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Freddie Hubbard at the Jazz Cafe in London


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I love the sound of the trumpet and flugelhorn, above all else in jazz. Hey day players like Miles, Morgan, Dorham and Gillespie are some of my favourites, but no one has left a bigger mark on my ears than Freddie Hubbard. Whether it be his firing early 60's works with the Messengers, his countless Blue Note dates or his super funky contribution to the CTI catalogue, it's all great. Freddie was one of the few trumpet players to have the versatility to confidently contribute to different settings, whether it be hard-bop, the analytical post-bop of Bobby Hutcherson and Andrew Hill or the avant-garde work of Eric Dolphy.

However, somewhere in the dead years of 1970's jazz-fusion, Hubbard lost something of his sparkle and, despite a return to form in the great V.S.O.P quintet, his own output became lacklustre and his crown slipped, compounded by a split lip and personal problems in the 1980's.

I felt incredible excitement when I found out Freddie was playing some dates in the UK. Despite inconsistent form for many years and unflattering reports of recent jaded performances across the pond, I wasn't fazed.

As I arrived at the gig I was immediately struck by the poor turnout. Wayne Shorter was soon to be playing The Royal Festival Hall as part of the high-profile London Jazz festival, a huge concert hall, while Hub was scraping around in this tiny venue. I was disappointed for Freddie.

Finally the band took to the stage. An octet: alto, tenor, baritone, trumpet, trombone, piano, bass and drums. They struck up the first number, a decidedly fuzzy sounding performance. The second number began. The alto player looked disinterested, the band looked bored. But where was Freddie, had he arrived? I'd heard some rumours of him missing gigs and began to feel concerned.

However, third tune in and Freddie's heavy frame complete with tilting Fedora hat descended the steep steps to the bandstand, his trademark flugelhorn in hand. He blew briefly then stoically placed his horn on the top of the piano. Hamming it up, he joked and pulled faces at the audience, at the same time looking a bit lost—it was a bit sad. He looked confused, and disappointed by the audience. He played a little more then put his horn down again. He tried hard not to look frustrated in the decline of his once legendary chops but he could barely disguise it.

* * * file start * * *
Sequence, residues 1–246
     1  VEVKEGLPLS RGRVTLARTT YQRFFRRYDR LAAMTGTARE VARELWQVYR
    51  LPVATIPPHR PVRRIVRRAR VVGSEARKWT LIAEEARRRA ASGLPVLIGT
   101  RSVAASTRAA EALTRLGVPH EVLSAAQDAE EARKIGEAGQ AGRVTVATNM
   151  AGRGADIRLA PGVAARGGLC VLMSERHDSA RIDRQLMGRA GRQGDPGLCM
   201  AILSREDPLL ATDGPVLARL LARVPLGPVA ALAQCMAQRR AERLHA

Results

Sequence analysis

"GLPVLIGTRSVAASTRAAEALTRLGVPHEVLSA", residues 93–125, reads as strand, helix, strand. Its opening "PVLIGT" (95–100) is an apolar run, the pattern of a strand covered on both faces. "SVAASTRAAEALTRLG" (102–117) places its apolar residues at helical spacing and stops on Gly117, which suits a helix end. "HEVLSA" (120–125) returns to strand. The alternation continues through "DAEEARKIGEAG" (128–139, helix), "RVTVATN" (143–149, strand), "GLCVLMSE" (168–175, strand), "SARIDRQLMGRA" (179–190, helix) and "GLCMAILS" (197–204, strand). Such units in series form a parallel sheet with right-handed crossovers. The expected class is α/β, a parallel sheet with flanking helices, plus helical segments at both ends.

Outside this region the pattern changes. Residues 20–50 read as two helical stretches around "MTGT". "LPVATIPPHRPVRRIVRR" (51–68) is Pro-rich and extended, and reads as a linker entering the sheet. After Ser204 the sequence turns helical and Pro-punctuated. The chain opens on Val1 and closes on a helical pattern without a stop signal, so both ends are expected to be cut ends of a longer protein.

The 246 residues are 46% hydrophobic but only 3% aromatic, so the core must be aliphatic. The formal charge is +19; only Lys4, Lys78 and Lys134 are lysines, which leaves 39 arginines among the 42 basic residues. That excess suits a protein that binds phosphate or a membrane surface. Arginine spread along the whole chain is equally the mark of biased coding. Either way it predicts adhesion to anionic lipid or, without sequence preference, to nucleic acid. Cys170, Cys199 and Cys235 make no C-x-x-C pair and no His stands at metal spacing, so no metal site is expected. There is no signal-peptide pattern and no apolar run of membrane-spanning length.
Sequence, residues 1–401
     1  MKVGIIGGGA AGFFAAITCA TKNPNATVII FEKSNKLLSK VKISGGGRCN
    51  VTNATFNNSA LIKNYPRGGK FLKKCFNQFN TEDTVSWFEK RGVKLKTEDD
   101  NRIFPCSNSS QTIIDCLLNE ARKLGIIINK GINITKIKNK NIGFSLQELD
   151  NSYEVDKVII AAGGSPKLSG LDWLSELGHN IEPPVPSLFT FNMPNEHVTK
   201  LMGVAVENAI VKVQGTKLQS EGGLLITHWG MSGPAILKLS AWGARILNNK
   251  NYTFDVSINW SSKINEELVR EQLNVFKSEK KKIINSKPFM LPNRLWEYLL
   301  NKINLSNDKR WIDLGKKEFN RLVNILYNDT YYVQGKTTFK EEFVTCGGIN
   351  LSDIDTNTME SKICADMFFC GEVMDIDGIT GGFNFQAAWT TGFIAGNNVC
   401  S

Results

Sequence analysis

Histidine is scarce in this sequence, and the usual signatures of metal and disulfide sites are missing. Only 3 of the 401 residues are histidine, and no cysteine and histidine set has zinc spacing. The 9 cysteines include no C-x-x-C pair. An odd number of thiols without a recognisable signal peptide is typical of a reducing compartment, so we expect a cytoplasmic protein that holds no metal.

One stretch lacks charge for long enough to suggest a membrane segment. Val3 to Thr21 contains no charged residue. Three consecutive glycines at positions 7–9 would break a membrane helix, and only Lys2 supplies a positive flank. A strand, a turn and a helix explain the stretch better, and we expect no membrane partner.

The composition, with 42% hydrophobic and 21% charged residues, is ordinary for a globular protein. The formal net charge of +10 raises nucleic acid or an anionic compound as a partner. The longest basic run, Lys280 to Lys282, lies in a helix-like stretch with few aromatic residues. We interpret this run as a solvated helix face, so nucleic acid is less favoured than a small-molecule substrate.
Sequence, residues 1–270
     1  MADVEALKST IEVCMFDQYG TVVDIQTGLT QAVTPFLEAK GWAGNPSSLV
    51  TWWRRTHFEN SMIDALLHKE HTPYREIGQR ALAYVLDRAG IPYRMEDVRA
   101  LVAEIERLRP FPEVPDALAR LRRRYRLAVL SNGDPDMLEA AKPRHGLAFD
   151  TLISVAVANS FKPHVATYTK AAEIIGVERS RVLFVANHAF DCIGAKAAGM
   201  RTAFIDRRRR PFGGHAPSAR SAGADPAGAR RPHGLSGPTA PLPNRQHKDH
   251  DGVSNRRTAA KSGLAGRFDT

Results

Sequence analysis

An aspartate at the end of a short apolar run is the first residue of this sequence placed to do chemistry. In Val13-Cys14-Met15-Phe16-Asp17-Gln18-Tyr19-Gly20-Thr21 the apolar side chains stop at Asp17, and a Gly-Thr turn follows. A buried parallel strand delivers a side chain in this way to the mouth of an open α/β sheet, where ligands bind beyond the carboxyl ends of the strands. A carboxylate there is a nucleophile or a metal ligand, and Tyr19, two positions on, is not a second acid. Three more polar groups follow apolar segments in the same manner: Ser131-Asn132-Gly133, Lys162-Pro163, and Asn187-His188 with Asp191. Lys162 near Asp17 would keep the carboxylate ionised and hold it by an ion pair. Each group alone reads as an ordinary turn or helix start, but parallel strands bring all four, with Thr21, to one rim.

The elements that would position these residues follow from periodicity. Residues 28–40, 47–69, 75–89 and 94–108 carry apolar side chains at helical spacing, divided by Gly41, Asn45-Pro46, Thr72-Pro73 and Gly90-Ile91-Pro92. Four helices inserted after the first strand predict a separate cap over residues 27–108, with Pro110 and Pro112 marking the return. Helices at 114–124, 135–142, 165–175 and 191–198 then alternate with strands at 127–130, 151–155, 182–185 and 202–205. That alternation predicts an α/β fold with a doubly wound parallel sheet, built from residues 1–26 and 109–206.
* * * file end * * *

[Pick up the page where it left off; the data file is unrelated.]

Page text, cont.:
At one touching moment he murmured to the band, 'you guys have got my back.' It was true, they did. Strong solo work from Craig Handy on tenor and Myron Walden on alto lifted a very mediocre performance a little. After another couple of extended numbers, Hubbard left the stage for a brief breather.

Then something seemed to happen. On his return to the stage he turned to the band, "let's do 'Caravan.'" The drummer began to swing the tunes distinctive rhythm and its Eastern melody line curled forth from the front line. Things seemed to switch to another gear. Hubbard's solo was harder and more focused. A couple of times there were brief glimpses of those huge tyre screeches, gruff rasps and quivering half-valves of old. Then the band played the thumping Hubbard original, "One of A Kind" with glee. Hubbard turning to the drummer, "first I play with Blakey, then I play with Chambers—now YOU!" The crowd demanded an encore. Hubbard moved to the piano and began to play the sparse opening chords of "Red Clay," before reaching for his horn and taking another solo.

Afterwards I hung around to meet the great man. I had taken my original copy of 'Backlash' to be signed. I put the sleeve on the table in front of him and a palpable wave of nostalgia spread across his face.

His eyes widened, "ahhhh, 'Backlash,'" this was about the time Nina Simone was doing a song... "Mississippi Goddamn," you know that tune?' I knew the tune—a righteous gospel against American racism. 'This was me, doing my thing.' I said, 'is this an angry record?' 'No, it's not an angry record; it's a protest record. On the cover, this is me trying to look mean, but I was too young to be mean,' he cast his wide hands nostalgically over his youthful jaw line. "The photographer said you don't look mean, you just pouting!"

Occasionally the conversation stopped for Hubbard to say, "whose this playing now, whose this pianist?" We all stopped while he listened for a second or two. It was a bit put on and manufactured but it was part of his charm.

I said, 'what is your favourite period of your work,' informing him of my love of the album Mosaic; by the jazz messengers. He said, 'Blakey, that was my peak, in the early '60's.

Then I asked about his favourite drummers. 'There was a guy over here in the UK, called Phil Seamen, who I thought was great. There was Philly Joe Jones I liked, and then later on along came Elvin Jones with a great big sound I thought was great.' Finally, he signed my album 'To Robert, stay kool, Freddie Hubbard.' I thanked him and he warmly shook my hand.

Outside, I felt a huge wave of adrenalin; I was so excited I had met Freddie, the tube seemed unnecessary and instead I floated back to the train station. By the time I got home I was still too excited to sleep, reading those six words over and over. Instead, I looked through my old Hubbard albums, and there on the sleeve of Open Sesame recorded way back in 1960 was Freddie, holding that huge hand aloft, the hand that I had shaken just a couple of hours ago.

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